Since the device must be introduced inside the woman’s uterus, it is ultimately important that it is comfortable enough. So yes, size matters. Although they share the same T-frame shape, Paragard is slightly bigger than Mirena. While the latter is 32mm wide and high, Paragard is 36mm high. This difference in size may be small, but may make a difference in some women.
Tolerability and side effects
As we already explained above, Mirena is a hormonal IUD while Paragard is not. Their side effects are therefore slightly different, and are linked with the effects of the hormones with the former and copper with the latter. For example, if a patient doesn’t want to risk gaining weight, Paragard may be the better choice since it does not release any progestinic in the blood. On the other hand, some patients can’t tolerate copper, and may prefer to use Mirena or the other hormone-based IUDs.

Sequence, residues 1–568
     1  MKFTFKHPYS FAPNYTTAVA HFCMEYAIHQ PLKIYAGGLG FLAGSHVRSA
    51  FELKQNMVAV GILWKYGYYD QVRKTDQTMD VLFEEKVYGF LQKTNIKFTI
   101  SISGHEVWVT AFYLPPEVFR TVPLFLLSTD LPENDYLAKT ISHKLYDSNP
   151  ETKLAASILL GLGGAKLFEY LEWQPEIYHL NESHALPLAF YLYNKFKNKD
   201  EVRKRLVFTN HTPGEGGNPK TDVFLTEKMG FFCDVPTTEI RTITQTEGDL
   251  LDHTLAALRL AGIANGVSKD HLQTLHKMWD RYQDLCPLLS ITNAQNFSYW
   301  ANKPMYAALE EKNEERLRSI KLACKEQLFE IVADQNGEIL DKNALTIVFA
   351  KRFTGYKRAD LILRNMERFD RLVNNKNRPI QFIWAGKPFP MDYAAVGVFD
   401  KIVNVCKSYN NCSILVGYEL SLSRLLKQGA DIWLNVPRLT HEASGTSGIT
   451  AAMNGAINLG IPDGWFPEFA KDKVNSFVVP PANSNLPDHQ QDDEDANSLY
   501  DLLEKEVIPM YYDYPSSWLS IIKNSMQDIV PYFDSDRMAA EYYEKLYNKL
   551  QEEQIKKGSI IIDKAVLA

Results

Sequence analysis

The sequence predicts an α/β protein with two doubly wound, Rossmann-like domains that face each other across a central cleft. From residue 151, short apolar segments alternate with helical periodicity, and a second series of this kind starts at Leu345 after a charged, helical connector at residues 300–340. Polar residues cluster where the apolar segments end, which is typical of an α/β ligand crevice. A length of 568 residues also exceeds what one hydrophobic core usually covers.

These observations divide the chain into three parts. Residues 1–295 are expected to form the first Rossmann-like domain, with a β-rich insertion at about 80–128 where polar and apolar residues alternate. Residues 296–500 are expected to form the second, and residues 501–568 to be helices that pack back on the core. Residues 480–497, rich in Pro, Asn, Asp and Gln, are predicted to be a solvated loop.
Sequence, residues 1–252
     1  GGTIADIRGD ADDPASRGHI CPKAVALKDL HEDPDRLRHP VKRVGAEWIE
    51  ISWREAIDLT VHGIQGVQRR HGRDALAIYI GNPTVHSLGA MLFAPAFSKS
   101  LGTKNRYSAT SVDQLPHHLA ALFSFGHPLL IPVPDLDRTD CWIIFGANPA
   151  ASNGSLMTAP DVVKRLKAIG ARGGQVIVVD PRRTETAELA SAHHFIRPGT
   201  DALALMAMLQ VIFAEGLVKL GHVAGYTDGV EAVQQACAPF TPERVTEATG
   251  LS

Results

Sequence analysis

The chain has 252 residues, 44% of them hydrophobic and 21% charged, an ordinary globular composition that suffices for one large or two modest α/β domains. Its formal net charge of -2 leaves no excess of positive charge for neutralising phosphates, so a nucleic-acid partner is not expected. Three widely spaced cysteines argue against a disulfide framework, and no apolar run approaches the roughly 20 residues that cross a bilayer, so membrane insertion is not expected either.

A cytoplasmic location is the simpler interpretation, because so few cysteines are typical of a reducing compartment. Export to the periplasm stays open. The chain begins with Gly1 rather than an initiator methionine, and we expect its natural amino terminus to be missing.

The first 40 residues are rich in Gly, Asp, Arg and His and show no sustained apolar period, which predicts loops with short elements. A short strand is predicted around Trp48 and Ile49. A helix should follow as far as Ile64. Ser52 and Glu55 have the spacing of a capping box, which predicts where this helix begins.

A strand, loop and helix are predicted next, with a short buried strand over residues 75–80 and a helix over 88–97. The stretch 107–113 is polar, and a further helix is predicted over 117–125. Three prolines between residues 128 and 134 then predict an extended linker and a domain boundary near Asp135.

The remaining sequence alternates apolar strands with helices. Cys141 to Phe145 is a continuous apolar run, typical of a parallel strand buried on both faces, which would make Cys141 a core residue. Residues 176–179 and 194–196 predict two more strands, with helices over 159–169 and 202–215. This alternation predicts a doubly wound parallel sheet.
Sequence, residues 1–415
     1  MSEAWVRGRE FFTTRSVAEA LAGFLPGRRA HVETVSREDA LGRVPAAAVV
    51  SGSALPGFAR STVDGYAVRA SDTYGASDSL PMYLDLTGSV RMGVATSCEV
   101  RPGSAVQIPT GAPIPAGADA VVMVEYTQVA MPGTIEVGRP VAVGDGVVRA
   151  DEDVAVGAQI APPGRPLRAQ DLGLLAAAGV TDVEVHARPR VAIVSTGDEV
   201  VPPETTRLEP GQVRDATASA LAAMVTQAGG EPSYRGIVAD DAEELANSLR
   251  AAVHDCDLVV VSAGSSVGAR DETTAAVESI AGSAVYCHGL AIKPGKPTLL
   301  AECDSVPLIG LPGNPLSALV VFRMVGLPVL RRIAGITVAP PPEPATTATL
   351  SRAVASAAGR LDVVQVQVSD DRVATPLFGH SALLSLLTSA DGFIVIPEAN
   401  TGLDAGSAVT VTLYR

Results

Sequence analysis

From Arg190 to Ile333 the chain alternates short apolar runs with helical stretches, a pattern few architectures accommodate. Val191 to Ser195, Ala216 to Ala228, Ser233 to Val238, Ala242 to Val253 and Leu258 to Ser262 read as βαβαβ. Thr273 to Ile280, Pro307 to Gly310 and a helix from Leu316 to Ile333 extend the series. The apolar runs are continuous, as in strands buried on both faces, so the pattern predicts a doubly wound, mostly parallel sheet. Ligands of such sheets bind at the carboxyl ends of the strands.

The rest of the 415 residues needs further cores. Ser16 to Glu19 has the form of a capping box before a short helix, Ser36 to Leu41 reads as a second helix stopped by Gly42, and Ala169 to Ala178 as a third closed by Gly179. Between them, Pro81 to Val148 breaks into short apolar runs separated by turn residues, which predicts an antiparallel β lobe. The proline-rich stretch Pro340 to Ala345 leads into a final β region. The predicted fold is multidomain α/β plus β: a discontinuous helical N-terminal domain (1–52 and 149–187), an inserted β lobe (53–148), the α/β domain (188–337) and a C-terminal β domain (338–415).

Timeliness and effectiveness
Since Mirena requires the hormones it releases to reach the whole body to exert its effect, it can’t be used for emergency contraceptive purposes. In fact, it must be inserted within seven days of the first day of a menstrual period, or its contraceptive action will start in the subsequent month. Paragard, on the other hand, is effective right after it is implanted, and, if placed within five days of unprotected intercourse, can be used as an emergency birth control method.